The scenario constructed for the Oregon Health & Science University’s OSCE case of a patient with low-back pain appears straightforward, but in the hands of a professional actor, its elements provide enough twists and turns to mimic the complexity of typical patient encounters. Under a grant funded by the ABIM Foundation, the Low Back Pain OSCE was revised to incorporate Choosing Wisely recommendations from seven specialty societies that addressed how to treat complaints of low-back pain, including avoiding routine imaging and avoiding prescribing opiates.
The script of OHSU’s Low Back Pain OSCE outlines background of ailment, symptoms, pain scale, past medical history as far back as five to 15 years, medications, social history, family history, and miscellaneous lines in which the actor requests imaging and stronger pain meds.
An OSCE, Objective Structured Clinical Examination, is an assessment designed to test clinical skill performance and competence through role-play. An actor portrays a patient, and the medical student has to navigate a simulated discussion to come a shared decision about care. The Low Back Pain case educates medical students in making clinical decisions in a cost-conscious manner and allows students to practice explaining and discussing these concepts with patients.
The aim of the Foundation grant was to integrate Choosing Wisely recommendations into OSCE cases for its Family Medicine Core Experience as a required component of the curriculum. The grant team created case scenarios, standardized patient scripts, checklists and faculty guides for new OCSEs and revised existing cases where Choosing Wisely recommendations were applicable.
“We also made sure to weave Choosing Wisely concepts into the faculty instructions teaching points. Faculty verbally share these concepts with the students after they complete their OSCE. This results not only in educating the student, but also the faculty and the actor,” said Dr. Frances Biagioli, Professor and Vice Chair, Education for OHSU Family Medicine, referring to the low back pain case.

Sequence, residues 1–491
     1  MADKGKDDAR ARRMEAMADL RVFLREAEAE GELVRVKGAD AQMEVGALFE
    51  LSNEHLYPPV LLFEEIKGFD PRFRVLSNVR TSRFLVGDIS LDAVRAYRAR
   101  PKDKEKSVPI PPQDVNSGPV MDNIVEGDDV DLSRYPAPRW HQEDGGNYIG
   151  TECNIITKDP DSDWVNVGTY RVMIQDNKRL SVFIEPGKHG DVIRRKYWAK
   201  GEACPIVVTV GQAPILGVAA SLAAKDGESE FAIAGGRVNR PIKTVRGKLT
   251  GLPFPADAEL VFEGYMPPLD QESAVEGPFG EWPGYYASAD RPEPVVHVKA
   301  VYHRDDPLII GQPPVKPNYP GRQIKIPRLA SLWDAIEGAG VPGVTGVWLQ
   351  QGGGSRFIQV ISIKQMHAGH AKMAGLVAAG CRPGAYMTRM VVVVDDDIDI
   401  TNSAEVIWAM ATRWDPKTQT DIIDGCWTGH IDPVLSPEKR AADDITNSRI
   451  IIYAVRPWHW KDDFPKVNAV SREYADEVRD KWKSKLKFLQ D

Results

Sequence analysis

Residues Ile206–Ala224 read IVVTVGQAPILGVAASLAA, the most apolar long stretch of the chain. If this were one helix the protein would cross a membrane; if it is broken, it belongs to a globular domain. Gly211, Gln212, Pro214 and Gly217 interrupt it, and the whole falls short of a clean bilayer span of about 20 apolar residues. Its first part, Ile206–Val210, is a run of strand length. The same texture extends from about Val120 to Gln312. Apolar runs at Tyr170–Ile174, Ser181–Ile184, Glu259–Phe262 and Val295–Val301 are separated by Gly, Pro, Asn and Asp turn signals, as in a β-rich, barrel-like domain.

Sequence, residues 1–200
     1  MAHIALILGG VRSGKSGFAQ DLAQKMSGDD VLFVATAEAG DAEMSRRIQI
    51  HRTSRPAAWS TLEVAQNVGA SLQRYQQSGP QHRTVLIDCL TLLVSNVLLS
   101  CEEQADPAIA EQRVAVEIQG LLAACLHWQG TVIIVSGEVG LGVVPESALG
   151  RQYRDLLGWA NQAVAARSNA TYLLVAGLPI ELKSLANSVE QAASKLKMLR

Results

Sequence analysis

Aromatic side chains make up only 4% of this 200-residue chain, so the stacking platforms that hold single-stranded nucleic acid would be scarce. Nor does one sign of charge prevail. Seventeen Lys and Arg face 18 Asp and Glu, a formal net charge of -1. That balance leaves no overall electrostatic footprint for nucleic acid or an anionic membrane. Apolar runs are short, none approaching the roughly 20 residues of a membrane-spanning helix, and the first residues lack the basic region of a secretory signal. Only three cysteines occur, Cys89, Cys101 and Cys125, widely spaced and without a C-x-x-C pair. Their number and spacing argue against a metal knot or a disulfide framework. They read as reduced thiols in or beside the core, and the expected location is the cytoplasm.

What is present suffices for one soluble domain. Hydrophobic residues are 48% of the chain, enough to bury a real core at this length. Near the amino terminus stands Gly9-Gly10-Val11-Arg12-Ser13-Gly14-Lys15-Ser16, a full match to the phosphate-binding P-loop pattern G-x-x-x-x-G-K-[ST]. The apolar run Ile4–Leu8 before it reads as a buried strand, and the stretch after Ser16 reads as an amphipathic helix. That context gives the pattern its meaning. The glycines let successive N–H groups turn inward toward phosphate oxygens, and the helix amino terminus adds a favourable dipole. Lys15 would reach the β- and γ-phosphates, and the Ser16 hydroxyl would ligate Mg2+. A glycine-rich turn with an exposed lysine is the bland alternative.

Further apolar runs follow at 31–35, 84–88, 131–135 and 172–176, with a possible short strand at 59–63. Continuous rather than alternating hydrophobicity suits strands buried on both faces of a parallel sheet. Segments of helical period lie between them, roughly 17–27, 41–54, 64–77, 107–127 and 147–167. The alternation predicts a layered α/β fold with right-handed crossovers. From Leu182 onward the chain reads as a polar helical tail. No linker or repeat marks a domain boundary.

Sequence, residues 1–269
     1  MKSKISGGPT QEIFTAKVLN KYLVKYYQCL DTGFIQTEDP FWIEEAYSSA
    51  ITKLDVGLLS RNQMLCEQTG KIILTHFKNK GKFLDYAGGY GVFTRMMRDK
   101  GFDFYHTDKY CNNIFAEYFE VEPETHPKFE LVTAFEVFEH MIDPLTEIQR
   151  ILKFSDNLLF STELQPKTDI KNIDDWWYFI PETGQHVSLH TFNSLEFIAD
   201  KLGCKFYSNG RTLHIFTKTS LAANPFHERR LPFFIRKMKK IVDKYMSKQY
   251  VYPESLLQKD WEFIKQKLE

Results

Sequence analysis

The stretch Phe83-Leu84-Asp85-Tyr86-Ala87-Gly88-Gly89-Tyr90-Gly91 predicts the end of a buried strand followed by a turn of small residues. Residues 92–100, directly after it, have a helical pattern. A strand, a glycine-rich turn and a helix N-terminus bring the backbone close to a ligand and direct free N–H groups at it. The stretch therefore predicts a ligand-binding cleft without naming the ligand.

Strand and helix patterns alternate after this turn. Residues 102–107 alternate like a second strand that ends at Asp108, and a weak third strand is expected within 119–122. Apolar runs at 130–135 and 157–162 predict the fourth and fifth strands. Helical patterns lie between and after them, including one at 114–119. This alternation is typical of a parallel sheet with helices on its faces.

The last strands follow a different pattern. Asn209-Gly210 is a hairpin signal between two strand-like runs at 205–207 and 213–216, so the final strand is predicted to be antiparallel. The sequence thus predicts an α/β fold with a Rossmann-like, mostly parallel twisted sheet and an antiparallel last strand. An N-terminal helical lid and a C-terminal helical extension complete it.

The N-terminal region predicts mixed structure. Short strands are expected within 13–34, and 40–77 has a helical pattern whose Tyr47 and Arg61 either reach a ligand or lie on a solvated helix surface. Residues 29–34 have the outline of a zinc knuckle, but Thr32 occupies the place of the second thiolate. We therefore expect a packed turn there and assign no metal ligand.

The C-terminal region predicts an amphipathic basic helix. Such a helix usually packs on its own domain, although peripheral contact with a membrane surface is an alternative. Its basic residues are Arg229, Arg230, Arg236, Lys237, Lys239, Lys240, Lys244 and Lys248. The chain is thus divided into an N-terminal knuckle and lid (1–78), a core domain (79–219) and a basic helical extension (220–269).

Some of the new scripts involve patients requesting prescriptions to combat sinusitis, and also during the visit, requesting other medical services such as a bone-density test. “Patients commonly do this,” said Biagioli, explaining that patients often see something on the internet or hear advice on television and then ask for screenings such as DEXA scans for measuring bone density.
An unexpected, yet positive outcome of adding Choosing Wisely recommendations throughout the OSCE cases is that faculty are learning more about avoiding unnecessary treatments and procedures as well, said Biagioli. She has heard from fellow faculty who have observed and evaluated the OSCEs that they have found themselves applying Choosing Wisely standards in their own clinical practices. “By exposing more people to the concepts, we can get other people using them,” Biagioli said.
In addition, since several of the OSCE cases focus on counseling, which does not require a physical examination, the cases can be easily used in telemedicine training, an emerging trend in medical education in the United States. Three other medical schools have adopted the OHSU’s Choosing Wisely case scenarios.
OSCEs “provide students practice with using lay language by which to tell people you should come in or you should or should not have this testing done,” said Biagioli. She explained that the OSCE structure seemed a better way to provide the training about unnecessary care than lectures or workshops. “We felt it was better to have the students actually counsel patients.”
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